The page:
When it comes to easy playability, affordability and portability, it’s hard to beat a harmonica. Despite their modest size and cost, harmonicas are capable of producing an amazing array of tones, and this versatility is reflected in the music genres in which the mighty little mouth harp plays a part. From the more obvious categories such as blues, country, and rock to more surprising musical territory such as jazz and classical music, the harmonica with its often human-like voice easily fits in.
In this guide, we’ll look at the many types of harmonicas that are available and pinpoint those that make sense for beginners as well as harp players and other musicians looking to expand their repertoires.
Types of harmonicas
Though there are a number of specialty harmonicas, the three most common varieties fall into one of three categories based on how they are tuned: diatonic, chromatic, and tremolo harmonica. We’ll focus mainly on these while touching on a few of the less common harmonica types.
If you want to dive right in, you can browse the huge Musician’s Friend selection of all types of harmonicas here.
The most common type of harmonica you’ll encounter in pop, blues and folk music—diatonic harmonicas are designed to play in a specific key. That said, overblowing and note-bending techniques plus playing in alternate “positions” makes it possible to play a diatonic in keys and modes other than its “official” key. A couple of players, Howard Levy and Carlos Del Junco, have developed an overblowing technique with which they play chromatically using a humble 10-hole diatonic harp.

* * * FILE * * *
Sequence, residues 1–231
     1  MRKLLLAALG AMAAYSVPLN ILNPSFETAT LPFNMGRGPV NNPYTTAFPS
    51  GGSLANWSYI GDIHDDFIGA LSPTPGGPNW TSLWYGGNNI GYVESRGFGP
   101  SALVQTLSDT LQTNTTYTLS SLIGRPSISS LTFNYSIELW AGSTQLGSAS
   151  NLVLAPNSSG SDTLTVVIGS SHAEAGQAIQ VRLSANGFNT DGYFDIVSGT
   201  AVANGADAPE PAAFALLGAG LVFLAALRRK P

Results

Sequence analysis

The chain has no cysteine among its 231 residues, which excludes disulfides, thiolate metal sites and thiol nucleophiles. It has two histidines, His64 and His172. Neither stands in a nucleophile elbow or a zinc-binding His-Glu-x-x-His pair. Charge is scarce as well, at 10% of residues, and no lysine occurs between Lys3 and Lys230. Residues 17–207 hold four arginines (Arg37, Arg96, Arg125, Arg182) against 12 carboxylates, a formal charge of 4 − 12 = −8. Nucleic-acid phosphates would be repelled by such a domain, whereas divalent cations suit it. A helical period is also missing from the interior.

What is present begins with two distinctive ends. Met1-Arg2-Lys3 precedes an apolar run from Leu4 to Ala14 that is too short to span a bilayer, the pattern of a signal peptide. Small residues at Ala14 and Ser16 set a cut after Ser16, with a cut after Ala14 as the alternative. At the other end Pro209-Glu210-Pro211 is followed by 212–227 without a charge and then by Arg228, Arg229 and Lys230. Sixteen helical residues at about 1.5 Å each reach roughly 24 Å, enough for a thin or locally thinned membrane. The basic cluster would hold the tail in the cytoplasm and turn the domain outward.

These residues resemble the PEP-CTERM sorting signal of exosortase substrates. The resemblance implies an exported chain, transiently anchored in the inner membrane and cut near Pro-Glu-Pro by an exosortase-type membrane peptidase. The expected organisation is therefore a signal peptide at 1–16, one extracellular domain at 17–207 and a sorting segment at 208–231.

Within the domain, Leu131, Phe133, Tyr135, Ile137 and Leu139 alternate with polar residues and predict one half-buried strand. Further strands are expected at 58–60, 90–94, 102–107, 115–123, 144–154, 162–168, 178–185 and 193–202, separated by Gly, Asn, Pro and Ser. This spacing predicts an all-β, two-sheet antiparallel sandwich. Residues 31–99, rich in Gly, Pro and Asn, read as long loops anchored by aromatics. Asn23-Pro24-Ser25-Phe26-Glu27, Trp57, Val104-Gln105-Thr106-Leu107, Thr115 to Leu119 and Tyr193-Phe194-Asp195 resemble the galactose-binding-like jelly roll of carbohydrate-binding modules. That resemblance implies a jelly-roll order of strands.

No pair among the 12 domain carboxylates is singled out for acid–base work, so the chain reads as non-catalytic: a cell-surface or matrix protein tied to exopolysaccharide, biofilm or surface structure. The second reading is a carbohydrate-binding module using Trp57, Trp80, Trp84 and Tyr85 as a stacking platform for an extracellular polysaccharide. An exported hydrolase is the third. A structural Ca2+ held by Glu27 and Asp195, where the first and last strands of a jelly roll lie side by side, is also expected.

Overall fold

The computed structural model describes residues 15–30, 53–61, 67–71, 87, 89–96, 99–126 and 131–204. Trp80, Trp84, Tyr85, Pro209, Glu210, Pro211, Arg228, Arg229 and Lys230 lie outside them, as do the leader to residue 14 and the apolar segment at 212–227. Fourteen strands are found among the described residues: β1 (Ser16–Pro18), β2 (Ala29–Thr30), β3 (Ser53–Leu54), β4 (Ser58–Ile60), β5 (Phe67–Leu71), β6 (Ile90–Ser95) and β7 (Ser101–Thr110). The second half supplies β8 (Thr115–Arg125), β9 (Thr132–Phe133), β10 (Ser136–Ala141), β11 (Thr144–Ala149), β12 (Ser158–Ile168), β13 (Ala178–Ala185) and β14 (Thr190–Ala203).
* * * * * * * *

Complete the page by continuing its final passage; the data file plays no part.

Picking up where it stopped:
Blues harp players usually perform in what’s called “cross harp” or “second position.” This involves playing a harmonica that’s tuned to a perfect fourth below the key the music’s written in. If a song is in the key of C, an F harmonica will be used. Most blues use the notes of a pentatonic scale, and playing a G-tuned harp gives you access to notes that complement the pentatonic C scale, especially on draw notes—those on which you inhale to produce those wailing “bent” notes that are a cornerstone of blues harp technique.
There are a number of other positions that skilled harp players use to mesh with other instruments and create various effects. Cupping your hands around the harp and using your tongue to block and unblock holes are some of the ways to create rhythmic chordal effects and tones. You’ll find numerous online resources as well as harmonica books and tutorials that explain these techniques in detail. We’ll make several recommendations on excellent harp tutorials below.